Trigger Warning * Violence * Language
“This is so funny,” Nate said. “I get to tell people my wife is a freshman…in high school!”
Not wanting a 15-year-old married mother in the middle school, the school board made the decision to bump me to the ninth grade instead, and the very idea was exciting and terrifying. I had never officially passed the eighth grade, so I was afraid I wouldn’t be able to keep up.
On the other hand, I wondered what people would think about me being married with a baby. Would it surprise them? Would my teachers treat me differently than my classmates? I didn’t even know if I could juggle school with being a good mom and a good wife. When would I sleep?
On my first day of school, I kissed Scott over a hundred times before we dropped him off at his new babysitter’s house. And when Nate dropped me off at the front of the high school, I really had to push myself to walk through the front doors. I thought childbirth was hard, but that seemed like nothing at the moment compared to this. It took all my strength not to back out. It’s not like I had to go. This was completely optional. Me and my stupid ideas.
I checked in at the office and sat for a long time, waiting for a counselor to spare me a moment. When one did, we went through the course book and chose classes.
“And now, are your parents outside?” she asked.
“No, I’m married. I can do this all myself,” I explained.
“I see,” she said, shuffling her papers. “And you are…?”
I raised my eyebrows, unsure of the unfinished question.
“You are how old?”
“Oh, I’m 15,” I said. “I have a baby.”
“OK, that explains it, then,” she said, sighing. “Let’s go back over these classes and see what you can handle. I think looking at your records here, especially since you failed the eighth grade, we need to make sure you don’t overload yourself. How about Food and Nutrition for first period?”
That was the class I wanted the least. I did enough cooking and cleaning at home. I already earned my credits there.
“That’s all we have open for first,” she said, and went on to rearrange all the classes I had chosen.
I ended up in complete beginner classes, or what I soon thought of as the “barely smart enough to be in the ninth grade” classes, which I guess was true in my case.
The very first person I met in my “It’s Like I’m at Home and Married” class was another teen mom. I immediately felt comfortable as we complained to each other how excited we were to get a grade for what we do every day. It’d be even more of an insult if we couldn’t pass at least this one class. My new friend shared with me that she’d been back in a school for a little while and told me about a group she was in for other teen moms, which met right there at the school. It was a wonderful connection, but ultimately the group spent more time sorting coupons than actually connecting, so I stopped going. The organizer of the group, a teacher in the school, didn’t seem to have a clue what we really needed (not that coupons weren’t helpful), and since I didn’t exactly know what we needed either, I didn’t step up to offer advice. I just quietly left, my usual way to handle what I didn’t like or found overwhelming.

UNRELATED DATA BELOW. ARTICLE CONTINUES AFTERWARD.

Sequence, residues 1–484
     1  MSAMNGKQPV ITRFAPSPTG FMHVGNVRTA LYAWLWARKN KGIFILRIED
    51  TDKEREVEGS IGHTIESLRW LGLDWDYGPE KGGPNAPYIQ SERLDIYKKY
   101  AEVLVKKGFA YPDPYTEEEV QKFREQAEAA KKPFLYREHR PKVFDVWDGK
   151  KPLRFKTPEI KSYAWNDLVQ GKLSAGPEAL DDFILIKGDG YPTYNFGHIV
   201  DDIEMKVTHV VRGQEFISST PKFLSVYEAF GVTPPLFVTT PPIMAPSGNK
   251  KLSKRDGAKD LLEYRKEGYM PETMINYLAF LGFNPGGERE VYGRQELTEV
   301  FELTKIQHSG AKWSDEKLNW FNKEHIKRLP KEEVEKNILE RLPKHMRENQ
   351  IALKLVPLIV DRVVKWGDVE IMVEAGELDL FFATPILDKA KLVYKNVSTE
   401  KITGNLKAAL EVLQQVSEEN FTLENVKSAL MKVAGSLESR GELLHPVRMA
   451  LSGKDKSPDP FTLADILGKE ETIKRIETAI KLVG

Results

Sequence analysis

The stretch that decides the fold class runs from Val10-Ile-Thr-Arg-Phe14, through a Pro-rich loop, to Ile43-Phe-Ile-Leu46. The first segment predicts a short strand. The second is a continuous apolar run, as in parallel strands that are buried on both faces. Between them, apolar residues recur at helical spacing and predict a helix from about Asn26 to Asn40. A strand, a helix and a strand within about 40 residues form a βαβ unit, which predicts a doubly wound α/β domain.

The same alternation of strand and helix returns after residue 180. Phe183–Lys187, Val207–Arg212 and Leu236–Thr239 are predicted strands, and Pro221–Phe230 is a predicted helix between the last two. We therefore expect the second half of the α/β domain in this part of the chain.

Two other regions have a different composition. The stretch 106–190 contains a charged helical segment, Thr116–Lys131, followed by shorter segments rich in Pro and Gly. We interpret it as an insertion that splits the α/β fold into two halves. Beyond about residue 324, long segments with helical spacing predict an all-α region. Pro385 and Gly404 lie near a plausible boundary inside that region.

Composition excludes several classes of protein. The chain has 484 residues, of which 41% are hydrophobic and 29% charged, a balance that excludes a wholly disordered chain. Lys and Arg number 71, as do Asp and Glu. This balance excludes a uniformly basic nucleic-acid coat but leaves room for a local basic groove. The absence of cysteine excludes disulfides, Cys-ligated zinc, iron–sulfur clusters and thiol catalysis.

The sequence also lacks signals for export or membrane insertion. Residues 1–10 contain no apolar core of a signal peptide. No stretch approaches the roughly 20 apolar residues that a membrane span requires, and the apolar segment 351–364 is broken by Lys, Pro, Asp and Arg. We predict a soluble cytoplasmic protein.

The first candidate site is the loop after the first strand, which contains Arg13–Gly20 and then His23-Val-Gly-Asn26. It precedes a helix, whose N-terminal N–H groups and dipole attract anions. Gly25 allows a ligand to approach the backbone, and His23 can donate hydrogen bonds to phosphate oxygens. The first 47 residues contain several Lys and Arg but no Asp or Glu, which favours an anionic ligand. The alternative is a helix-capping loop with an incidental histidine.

I earned As in all my classes and ended my first grading period with a straight-A honor roll. I was moved out of general science into the advanced class, and within days, I would be moved into a higher English class as well. The only class I struggled in was math, and since that’s what took me down in the eighth grade, I worked extra hard there. I didn’t sleep much, but it all seemed worth it.
Everyone seemed surprised by just how well I was doing. I knew I wasn’t stupid, but it had been a long time since I felt so smart. Chances were pretty good that I would make the Academic Hall of Fame featured in the main halls. Each student with the highest grade point average per class at the end of each semester was awarded this honor, and I wanted it so badly, I could taste it.
Had I known after the holidays I’d never get to see the inside of this school again, I would have worried about other things, and perhaps if I hadn’t been trying so hard to be perfect at school, I might have noticed things weren’t going so well with Nate anymore.
About Angela Giles Klocke – I’m a Colorado-based speaker, writer, advocate, and princess! I am also a survivor of child abuse, sexual assault, domestic violence, and more. I would love to speak to your group, school, or organization. Catch my TEDx Colorado Springs Talk on abuse, violence, and talking about uncomfortable topics, coming soon. Contact me!